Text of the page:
Int. J. Environ. Res. Public Health 2014, 11(1), 91-172; doi:10.3390/ijerph110100091

Article
Associations of Meteorology with Adverse Pregnancy Outcomes: A Systematic Review of Preeclampsia, Preterm Birth and Birth Weight
Alyssa J. Beltran , Jun Wu * and Olivier Laurent
Program in Public Health, Anteater Instruction & Research Bldg (AIRB), 653 East Peltason Drive, University of California, Irvine, CA 92697, USA; E-Mails: ajbeltra@uci.edu (A.J.B.); olaurent@uci.edu (O.L.)
*
Author to whom correspondence should be addressed; E-Mail: junwu@uci.edu; Tel.: +1-949-824-0548; Fax: +1-949-824-0529.
Received: 17 October 2013; in revised form: 25 November 2013 / Accepted: 27 November 2013 /
Published: 20 December 2013

Abstract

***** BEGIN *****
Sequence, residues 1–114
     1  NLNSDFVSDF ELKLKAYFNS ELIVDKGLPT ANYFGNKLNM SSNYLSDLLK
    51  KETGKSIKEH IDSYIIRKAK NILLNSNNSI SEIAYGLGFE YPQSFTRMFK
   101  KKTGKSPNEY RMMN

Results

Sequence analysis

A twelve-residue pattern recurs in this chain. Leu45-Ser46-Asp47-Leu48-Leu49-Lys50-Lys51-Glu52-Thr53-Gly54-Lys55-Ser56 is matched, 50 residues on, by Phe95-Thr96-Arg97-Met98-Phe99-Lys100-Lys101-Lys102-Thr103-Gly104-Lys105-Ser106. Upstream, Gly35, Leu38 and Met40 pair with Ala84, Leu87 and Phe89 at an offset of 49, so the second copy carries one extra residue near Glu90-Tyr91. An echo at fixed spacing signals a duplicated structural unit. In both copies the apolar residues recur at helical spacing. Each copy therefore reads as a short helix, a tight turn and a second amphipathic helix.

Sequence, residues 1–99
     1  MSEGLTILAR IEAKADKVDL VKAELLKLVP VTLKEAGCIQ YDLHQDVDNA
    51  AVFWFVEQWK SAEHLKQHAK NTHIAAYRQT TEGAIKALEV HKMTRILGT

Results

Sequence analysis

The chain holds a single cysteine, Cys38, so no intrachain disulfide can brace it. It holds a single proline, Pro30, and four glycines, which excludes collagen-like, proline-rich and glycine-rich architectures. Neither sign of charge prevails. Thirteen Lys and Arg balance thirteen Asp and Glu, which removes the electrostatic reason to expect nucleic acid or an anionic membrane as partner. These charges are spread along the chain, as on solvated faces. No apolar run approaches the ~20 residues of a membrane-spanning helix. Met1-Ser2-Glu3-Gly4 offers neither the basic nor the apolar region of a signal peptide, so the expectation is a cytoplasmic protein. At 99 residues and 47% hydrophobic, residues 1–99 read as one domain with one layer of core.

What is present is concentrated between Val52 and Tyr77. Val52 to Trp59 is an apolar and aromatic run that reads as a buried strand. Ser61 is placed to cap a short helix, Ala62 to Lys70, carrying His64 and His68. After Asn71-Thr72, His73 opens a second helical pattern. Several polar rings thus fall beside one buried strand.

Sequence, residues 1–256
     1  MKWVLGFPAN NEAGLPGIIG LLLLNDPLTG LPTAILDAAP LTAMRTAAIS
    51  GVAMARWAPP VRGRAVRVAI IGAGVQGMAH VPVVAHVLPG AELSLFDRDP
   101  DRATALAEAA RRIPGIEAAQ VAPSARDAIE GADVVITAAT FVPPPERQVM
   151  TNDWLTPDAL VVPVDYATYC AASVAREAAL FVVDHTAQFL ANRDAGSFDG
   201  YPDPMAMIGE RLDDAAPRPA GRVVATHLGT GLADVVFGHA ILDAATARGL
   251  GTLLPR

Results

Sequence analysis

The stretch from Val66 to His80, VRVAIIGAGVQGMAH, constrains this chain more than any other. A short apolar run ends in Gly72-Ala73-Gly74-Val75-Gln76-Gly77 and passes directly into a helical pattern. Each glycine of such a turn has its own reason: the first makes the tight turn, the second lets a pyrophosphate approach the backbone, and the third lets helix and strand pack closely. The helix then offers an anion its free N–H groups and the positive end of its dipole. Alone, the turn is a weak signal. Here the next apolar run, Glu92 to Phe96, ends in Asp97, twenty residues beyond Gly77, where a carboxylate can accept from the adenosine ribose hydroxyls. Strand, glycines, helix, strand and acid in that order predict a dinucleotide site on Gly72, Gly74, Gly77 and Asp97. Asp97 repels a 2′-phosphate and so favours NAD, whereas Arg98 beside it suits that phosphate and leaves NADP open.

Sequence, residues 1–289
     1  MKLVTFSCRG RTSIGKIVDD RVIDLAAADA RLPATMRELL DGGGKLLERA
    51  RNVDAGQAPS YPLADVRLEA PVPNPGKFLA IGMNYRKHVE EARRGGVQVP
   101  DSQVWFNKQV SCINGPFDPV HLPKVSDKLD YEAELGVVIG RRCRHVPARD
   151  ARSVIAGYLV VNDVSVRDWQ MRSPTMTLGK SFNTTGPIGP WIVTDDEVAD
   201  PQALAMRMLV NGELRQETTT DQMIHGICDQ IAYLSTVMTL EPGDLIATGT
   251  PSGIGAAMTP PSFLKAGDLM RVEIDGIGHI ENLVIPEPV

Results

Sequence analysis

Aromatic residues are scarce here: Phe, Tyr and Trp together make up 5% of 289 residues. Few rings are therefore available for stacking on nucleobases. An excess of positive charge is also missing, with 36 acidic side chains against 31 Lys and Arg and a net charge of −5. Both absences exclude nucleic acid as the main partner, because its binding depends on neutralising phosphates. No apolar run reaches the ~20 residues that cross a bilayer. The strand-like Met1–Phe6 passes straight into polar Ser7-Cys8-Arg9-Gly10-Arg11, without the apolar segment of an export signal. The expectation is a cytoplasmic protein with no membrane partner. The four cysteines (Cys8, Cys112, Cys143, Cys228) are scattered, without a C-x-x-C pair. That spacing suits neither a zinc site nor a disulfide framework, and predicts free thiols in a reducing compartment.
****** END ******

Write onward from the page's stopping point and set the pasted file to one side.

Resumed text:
: The relationships between meteorology and pregnancy outcomes are not well known. This article reviews available evidence on the relationships between seasonality or meteorology and three major pregnancy outcomes: the hypertensive disorders of pregnancy (including preeclampsia, eclampsia and gestational hypertension), gestational length and birth weight. In total 35, 28 and 27 studies were identified for each of these outcomes. The risks of preeclampsia appear higher for women with conception during the warmest months, and delivery in the coldest months of the year. Delivery in the coldest months is also associated with a higher eclampsia risk. Patterns of decreased gestational lengths have been observed for births in winter, as well as summer months. Most analytical studies also report decreases in gestational lengths associated with heat. Birth weights are lower for deliveries occurring in winter and in summer months. Only a limited number of studies have investigated the effects of barometric pressure on gestational length or the effects of temperature and sunshine exposure on birth weight, but these questions appear worth investigating further. Available results should encourage further etiological research aiming at enhancing our understanding of the relationships between meteorology and adverse pregnancy outcomes, ideally via harmonized multicentric studies.